Better CollaborationBy Chris Talbot | Posted 2010-12-23 Email Print
Re-Thinking HR: What Every CIO Needs to Know About Tomorrow's Workforce
The dream of unified communications has been pushed by technology vendors for decades -- a single interface for all your communications needs including instant messages, email, phone, video conferencing. Here's a look at whether we've finally arrived and the new innovations that are on the way for this Holy Grail of collaboration.
Businesses are moving to unified communications because they have a desire to communication more effectively, and they see the business case for UC.
According to Costello, it’s "largely driven by multi-modal conferencing applications, and interest in inter- and intra-company telepresence and video conferencing."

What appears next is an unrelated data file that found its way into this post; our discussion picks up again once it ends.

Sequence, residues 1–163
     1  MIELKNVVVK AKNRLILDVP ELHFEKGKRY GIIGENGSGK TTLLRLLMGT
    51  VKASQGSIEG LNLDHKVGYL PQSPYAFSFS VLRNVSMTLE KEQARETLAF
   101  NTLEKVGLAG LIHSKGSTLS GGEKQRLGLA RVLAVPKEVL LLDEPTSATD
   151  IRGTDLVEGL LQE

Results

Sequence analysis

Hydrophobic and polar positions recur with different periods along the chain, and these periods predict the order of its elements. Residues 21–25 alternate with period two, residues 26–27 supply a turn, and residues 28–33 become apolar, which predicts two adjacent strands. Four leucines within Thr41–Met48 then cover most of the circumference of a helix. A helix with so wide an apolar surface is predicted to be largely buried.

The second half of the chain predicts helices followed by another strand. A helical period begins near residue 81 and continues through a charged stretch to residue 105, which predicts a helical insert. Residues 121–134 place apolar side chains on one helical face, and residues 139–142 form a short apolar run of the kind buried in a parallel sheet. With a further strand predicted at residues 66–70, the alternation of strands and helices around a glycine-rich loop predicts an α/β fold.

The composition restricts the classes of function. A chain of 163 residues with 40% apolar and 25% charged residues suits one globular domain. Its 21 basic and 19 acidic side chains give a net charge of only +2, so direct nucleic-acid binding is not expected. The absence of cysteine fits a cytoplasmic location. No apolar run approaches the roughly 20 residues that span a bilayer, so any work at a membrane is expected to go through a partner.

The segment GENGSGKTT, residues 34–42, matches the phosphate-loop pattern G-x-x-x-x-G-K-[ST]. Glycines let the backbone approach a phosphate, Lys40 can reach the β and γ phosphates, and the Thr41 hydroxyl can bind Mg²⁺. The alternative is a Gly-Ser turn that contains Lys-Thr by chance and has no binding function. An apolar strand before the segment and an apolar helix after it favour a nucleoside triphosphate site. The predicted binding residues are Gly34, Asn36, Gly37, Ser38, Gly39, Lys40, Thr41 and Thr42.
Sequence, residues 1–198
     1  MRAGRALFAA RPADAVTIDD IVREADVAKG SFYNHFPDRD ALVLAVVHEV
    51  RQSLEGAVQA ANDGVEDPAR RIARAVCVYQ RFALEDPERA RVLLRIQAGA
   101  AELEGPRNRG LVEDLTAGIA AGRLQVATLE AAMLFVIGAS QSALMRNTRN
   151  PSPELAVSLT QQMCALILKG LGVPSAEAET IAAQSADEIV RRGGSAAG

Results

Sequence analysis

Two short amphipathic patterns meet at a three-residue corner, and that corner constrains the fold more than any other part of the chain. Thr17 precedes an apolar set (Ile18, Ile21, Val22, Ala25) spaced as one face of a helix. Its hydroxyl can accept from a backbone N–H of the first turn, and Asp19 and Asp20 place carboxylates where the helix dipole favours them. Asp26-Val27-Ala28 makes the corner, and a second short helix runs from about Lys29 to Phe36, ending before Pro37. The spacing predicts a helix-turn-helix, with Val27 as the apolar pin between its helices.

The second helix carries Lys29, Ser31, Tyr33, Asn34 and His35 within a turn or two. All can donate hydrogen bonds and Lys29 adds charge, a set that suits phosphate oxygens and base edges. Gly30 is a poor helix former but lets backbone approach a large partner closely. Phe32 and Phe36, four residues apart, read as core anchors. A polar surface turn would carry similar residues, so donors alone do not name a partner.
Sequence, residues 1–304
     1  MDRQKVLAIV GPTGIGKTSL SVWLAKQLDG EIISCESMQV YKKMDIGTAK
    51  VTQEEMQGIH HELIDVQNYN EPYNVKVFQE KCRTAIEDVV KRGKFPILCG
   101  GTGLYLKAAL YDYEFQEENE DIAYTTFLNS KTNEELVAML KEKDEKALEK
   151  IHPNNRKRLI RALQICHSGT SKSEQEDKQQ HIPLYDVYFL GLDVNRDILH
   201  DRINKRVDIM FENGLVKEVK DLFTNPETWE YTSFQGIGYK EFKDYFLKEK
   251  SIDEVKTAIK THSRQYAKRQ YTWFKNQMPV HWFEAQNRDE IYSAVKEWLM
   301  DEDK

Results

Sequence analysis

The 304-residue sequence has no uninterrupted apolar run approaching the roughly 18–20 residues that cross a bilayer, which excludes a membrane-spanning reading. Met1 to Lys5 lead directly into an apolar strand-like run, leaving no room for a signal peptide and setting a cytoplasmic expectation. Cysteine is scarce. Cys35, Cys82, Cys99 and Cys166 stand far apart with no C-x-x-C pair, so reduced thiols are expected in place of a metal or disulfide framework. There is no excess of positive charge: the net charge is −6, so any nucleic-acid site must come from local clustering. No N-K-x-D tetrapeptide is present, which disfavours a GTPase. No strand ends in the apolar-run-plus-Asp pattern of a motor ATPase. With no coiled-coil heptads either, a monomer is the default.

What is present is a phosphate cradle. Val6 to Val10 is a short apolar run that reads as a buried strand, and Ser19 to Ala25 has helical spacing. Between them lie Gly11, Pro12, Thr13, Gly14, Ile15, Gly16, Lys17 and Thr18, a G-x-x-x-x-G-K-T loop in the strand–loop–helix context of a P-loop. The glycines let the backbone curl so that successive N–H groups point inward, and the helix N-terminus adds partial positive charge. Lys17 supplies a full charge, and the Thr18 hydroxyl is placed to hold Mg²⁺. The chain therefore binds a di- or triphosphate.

One of those is the federation among networks, which is the ability of different networks to interoperate and support similar features and capabilities, Costello said.
"This will allow users from different organizations, for example, to work together as if on the same UC platform, using shared presence information, instant messaging, conferencing, and other features," he said.
There will be further proliferation of SIP. As the dominant protocol used by UC vendors, it provides a common platform for hardware and software development, and the protocol’s adoption will be driven by continued cost restraints, IT organizational changes and the maturity of products from major vendors, he said.
"UC applications will need to be more tightly integrated to desktop computer applications and business processes. There will be an increase in the development of custom-made UC applications that are targeted to specific vertical industries needs. In addition, we will also see an increase in UC integration with social networking platforms being deployed in the enterprise," Costello said.